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USA: Pentagon report fails to acknowledge true extent of civilian casualties and deaths abroad

Pentagon claims military operations killed 130 civilians and injured 91 others in Iraq, Syria, Afghanistan and Somalia last year

‘If the US is going to engage in lethal operations, then it must develop a reliable means for investigating and reporting on who it has killed in the process’ - Daphne Eviatar

Responding to the Pentagon’s report on US civilian casualties to Congress, Daphne Eviatar, Director of the Security with Human Rights Program at Amnesty International USA, said:

“The Department of Defense’s submission of this year’s report marks some progress in terms of transparency of US military operations. The content of the report, however, suggests that the Pentagon is still undercounting civilian casualties. 

“It still fails to acknowledge hundreds of civilian casualties that Amnesty’s researchers investigated on the ground in Raqqa, Syria, and assessed from the US-led military operation in 2017.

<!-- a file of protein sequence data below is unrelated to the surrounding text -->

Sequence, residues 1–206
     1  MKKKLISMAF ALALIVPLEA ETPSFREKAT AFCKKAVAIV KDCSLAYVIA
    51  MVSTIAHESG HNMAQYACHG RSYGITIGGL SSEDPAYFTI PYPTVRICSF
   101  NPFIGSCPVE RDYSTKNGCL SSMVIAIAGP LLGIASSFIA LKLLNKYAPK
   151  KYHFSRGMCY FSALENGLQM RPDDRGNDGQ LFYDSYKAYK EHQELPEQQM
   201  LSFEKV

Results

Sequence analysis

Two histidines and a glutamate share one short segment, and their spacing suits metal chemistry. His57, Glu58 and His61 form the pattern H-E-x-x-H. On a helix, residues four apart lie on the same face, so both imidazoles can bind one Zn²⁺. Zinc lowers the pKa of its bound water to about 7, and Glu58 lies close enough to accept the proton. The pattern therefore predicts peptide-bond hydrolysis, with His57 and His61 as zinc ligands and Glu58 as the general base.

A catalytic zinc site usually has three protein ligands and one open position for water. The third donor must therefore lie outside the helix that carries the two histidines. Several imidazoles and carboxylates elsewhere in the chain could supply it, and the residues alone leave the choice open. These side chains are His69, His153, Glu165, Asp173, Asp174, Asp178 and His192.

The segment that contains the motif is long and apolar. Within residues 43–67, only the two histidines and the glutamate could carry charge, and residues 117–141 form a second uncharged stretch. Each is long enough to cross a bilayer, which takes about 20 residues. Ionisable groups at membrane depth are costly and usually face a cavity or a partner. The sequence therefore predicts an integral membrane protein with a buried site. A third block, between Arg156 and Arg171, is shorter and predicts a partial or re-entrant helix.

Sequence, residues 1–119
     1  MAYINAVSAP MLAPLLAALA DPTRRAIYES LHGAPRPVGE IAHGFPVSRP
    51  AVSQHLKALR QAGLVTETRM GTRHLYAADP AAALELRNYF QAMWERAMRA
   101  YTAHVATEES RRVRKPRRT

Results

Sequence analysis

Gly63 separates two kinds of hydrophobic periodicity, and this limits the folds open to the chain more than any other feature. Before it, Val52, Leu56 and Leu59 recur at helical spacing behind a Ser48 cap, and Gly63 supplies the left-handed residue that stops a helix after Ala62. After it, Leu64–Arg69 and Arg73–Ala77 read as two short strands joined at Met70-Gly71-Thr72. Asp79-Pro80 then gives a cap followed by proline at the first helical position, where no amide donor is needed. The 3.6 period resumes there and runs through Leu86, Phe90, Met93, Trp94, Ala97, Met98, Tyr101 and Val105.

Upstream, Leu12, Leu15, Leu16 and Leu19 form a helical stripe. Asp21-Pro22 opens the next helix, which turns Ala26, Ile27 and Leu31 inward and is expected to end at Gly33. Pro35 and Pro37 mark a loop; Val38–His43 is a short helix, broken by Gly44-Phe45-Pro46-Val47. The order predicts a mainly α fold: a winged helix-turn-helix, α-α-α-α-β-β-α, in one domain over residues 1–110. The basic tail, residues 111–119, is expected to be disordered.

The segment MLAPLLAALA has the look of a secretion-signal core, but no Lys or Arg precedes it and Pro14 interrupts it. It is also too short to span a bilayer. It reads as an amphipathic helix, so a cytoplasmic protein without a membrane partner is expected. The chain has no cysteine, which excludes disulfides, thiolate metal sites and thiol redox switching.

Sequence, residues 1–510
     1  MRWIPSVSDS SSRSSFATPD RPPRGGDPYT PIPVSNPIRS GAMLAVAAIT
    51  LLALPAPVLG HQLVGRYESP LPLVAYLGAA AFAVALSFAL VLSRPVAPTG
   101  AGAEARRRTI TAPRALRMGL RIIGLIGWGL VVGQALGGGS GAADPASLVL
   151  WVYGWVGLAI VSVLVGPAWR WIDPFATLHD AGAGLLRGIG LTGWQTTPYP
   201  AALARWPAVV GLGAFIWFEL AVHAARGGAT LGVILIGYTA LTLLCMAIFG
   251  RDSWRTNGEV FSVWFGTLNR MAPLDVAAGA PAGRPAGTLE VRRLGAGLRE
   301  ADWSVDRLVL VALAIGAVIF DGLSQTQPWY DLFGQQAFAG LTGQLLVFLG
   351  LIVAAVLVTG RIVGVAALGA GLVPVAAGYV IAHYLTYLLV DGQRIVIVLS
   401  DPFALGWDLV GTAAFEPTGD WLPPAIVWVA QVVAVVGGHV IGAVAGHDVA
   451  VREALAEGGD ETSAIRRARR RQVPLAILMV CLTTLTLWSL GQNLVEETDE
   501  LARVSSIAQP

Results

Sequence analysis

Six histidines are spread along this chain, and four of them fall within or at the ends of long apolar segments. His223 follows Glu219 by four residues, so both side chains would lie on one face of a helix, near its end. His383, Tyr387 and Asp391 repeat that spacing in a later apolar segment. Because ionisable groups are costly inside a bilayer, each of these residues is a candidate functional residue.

“The Defense Department appears to have dismissed out of hand many of the civilian deaths and injuries we have documented in the past two years in Somalia, simply assessing them as ‘not credible’ despite our extensive testimonial evidence and expert analysis of images and video from strike sites, satellite imagery, and weapons identification.

“If the US is going to engage in lethal operations abroad, then it must develop a reliable means for investigating and reporting on who it has killed and injured in the process. The difficult work of credibly investigating the aftermath of operations is the responsibility of the governments who engage in lethal actions. It cannot be left to non-governmental organisations like Amnesty International, which already has provided a vast amount of information on which the Defense Department has so far failed to act.

“These reports can be a crucial accountability mechanism for thousands of families around the world waiting for justice, and a tool for transparency for everyone concerned about what is being carried out by the United States military in its operations every year. But for these reports to meaningfully contribute to the accountability process, they must contain concrete information based on thorough investigations, and must lead to reparations for the families of the victims. So far, that’s not happening.”

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